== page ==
Thursday, July 17, 2003
New York Stone statues and other artifacts from Petra, the ancient city carved out of desert cliffs in Jordan, have been unpacked at the American Museum of Natural History in preparation for their first showing in the United States.
The 200 busts and other objects, dating mainly from the first century A.D., will be on view from October through July 2004, then move to the Cincinnati Art Museum, a co-sponsor. Other showings in the United States and Canada also are planned.
The 7.5 tons of Petra sandstone, and Greek, Roman and Byzantine marble, terra cotta and alabaster, were still in half-opened crates as museum officials conducted a preview Wednesday of what would be, for many North American audiences, the first physical contact with Petra.
For the benefit of cameras, Ellen Futter, the museum's president, and David Harvey, vice president for exhibitions, lifted black veils to reveal the Bust of Dushara, a 1,600-pound sandstone head of a bearded male god, and a marble torso of Aphrodite -- two centerpieces of the collection.
Founded in the second century B.C. by the Nabateans, an ancient civilization of desert nomads turned urbanites, Petra was for nearly five centuries a highly developed, agriculture-based society and crossroads of the silk and spice trade among Asia, Egypt, Greece and Rome.
Its importance waned after a devastating earthquake in 363 A.D. By 700 A.D., it had all but vanished, until rediscovered by a Swiss explorer in 1812.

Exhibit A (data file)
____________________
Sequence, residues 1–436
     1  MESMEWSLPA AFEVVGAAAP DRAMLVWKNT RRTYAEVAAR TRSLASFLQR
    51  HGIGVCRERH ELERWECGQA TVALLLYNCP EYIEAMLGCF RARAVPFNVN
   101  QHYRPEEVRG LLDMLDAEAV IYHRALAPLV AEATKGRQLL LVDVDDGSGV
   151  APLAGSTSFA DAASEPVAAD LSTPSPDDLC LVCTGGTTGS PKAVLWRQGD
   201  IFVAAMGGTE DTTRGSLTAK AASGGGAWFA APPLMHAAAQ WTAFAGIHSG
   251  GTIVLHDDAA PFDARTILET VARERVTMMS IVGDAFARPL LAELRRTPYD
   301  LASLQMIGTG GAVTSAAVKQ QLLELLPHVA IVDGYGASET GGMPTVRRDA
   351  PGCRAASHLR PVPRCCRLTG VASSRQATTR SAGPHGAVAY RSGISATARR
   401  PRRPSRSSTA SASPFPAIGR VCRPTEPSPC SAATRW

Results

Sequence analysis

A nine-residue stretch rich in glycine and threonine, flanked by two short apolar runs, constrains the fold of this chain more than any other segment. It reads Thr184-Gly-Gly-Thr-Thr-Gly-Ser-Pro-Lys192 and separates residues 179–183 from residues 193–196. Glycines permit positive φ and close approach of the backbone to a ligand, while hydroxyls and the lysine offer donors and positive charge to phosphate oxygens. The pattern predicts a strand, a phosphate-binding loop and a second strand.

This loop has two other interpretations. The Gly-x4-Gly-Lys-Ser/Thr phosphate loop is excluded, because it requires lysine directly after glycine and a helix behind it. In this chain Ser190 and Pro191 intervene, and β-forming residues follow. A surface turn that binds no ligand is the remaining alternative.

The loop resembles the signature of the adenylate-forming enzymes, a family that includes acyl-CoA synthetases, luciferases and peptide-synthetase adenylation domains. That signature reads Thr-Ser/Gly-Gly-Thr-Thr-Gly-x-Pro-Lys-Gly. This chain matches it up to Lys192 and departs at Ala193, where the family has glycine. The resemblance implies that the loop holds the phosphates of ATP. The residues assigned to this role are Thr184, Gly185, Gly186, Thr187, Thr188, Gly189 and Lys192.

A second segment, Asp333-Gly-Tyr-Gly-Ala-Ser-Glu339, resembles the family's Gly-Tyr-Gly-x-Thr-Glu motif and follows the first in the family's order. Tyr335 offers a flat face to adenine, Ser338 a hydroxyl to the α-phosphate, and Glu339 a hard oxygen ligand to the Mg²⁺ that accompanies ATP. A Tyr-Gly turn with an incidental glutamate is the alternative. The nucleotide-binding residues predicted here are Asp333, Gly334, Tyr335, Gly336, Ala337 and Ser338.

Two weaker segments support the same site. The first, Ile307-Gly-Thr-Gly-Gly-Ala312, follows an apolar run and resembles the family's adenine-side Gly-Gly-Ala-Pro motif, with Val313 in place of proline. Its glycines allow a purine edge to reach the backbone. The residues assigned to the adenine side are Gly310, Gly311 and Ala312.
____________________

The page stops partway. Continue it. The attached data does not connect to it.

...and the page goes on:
Petra's unique desert ruins -- buildings and tombs carved directly into red sandstone cliffs -- began to attract scientists, scholars and artists. But it became a major tourist site only in the last 50 years, and is still known to many only through such films as "Lawrence of Arabia" and "Indiana Jones and the Last Crusade."
Queen Rania of Jordan is a patron of the exhibit, which officials described as "the first major cultural collaboration" between the Middle Eastern kingdom and its close ally, the United States.
For the natural history museum, it is in keeping with 130 years of studying "relationships between nature and humanity," Futter said.
"It was a big decision to have these artifacts leave their country," she said. "For us, it is a great opportunity, part of a continuum of looking at civilizations past and present."
The collection includes several items recently excavated by archaeologists at Petra, among them a carved stone elephant head capital and a large frieze from a Nabatean temple, never before displayed in public.
Other items are ceramics, metalwork, inscriptions and some 25 paintings and other works by 19th-century artists who visited Petra. Some are on loan from Europe and from the Cincinnati Art Museum, where the idea for the exhibit originated.